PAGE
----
“A Narrative of the Captivity and Restoration of Mary Rowlandson”
Study Questions: Exposition through 8th Remove
You may answer questions on this sheet or on loose-leaf paper.
1. Why was Mary Rowlandson’s published recollection of her abduction by the Wompanoag so popular and widely read in the 17th Century? Is there any comparison you can draw upon in contemporary American society that mirrors or parallels the public’s interest in Rowlandson’s work? Explain.
2. In the first paragraph of the exposition of “A Narrative of the Captivity…,” would you consider the author’s tone objective, subjective or both? Cite examples to support your answer.
3. In the remaining portion of the exposition, the author offers several Biblical allusions. Using the two below, state the author’s intended purpose of these passages:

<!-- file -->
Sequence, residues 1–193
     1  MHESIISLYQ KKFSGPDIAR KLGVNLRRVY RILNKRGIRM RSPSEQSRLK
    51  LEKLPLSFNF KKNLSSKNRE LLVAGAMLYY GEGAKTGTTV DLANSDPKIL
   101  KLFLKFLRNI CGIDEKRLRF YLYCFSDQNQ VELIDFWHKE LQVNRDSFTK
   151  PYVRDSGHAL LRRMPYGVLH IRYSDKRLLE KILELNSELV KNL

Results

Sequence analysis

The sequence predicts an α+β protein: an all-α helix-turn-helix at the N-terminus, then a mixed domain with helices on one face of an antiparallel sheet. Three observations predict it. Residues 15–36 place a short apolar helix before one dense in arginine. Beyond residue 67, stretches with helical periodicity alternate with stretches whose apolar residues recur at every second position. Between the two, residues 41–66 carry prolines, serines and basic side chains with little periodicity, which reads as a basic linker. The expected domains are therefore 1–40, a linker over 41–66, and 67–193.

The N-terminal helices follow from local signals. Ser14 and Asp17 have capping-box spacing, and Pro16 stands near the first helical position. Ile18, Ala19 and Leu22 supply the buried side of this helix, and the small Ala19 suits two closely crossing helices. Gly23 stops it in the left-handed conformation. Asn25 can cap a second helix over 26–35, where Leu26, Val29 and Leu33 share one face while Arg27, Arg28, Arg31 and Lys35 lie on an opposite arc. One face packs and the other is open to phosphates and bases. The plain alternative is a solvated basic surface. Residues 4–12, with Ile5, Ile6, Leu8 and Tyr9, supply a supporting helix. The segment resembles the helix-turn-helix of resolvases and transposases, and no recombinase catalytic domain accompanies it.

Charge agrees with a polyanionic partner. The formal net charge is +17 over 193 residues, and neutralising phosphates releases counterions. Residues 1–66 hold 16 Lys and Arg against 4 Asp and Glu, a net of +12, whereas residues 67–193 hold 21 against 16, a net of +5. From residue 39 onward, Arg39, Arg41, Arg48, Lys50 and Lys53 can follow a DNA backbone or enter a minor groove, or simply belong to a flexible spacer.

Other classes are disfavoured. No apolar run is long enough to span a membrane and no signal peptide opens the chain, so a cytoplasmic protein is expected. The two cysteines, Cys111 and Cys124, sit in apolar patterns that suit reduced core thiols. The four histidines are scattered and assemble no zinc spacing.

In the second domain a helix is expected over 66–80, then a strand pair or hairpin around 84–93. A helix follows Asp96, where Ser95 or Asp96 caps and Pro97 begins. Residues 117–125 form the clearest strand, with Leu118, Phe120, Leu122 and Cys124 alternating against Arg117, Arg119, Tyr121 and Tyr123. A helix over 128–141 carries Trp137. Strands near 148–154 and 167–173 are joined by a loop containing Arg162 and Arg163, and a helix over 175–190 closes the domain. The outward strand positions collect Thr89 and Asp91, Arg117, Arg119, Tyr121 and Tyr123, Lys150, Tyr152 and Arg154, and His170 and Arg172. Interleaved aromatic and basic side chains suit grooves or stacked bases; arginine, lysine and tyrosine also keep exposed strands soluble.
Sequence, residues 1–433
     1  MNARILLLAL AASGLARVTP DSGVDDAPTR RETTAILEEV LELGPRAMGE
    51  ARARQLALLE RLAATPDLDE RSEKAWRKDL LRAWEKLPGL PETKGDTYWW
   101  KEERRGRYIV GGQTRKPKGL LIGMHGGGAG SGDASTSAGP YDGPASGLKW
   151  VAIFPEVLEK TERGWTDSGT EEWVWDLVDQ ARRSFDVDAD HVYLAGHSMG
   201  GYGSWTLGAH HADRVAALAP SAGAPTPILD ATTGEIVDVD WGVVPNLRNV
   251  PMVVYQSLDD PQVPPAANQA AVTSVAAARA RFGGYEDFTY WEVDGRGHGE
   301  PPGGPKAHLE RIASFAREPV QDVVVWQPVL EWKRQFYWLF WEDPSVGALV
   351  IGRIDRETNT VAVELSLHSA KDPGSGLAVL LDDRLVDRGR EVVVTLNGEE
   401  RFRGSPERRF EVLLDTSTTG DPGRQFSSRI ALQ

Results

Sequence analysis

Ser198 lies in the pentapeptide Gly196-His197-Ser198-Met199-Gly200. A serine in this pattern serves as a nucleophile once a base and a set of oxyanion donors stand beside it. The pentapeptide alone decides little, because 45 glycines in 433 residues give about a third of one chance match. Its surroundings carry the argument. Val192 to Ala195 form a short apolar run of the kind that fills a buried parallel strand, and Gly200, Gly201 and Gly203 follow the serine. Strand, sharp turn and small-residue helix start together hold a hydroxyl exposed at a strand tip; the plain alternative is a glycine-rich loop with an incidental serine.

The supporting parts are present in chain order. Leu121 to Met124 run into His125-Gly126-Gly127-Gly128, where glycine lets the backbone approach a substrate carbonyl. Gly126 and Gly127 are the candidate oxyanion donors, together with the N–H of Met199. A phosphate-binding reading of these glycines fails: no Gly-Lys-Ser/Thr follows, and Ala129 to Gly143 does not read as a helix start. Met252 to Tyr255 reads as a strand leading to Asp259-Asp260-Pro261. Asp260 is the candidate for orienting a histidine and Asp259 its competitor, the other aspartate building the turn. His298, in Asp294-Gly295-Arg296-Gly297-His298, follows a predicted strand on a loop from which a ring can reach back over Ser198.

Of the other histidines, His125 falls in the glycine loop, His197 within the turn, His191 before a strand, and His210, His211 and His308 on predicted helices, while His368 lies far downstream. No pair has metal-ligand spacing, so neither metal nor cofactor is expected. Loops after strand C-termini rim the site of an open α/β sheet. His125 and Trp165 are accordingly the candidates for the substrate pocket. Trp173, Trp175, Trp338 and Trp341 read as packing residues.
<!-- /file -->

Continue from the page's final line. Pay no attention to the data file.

a. “And he said unto me, my Grace is sufficient for thee” ( 2 Cor. 12.9).
b. “Come, behold the works of the Lord, what desolations he has made in the earth” (Psalm 46.8).
4. What simile is used to describe the author’s situation in “The First Remove”? What emotions is this figurative language meant to evoke?
5. Identify the tonal shift in “The Second Remove” and indicate how particular words reveal change in voice.
6. The “Third Remove” contains emotional turmoil, as does much of the passage. What epiphany or realization does Rowlandson experience when regarding the holy day? What emotions does this epiphany evoke and why?
7. What role does the author perceive her God having throughout the “Third Remove”?
8. How does the tragic story in the “Fourth Remove” impact the author’s own experiences?
9. According to the author, why does the army not attempt to save the captives? What does this tell the reader about Puritan society?...
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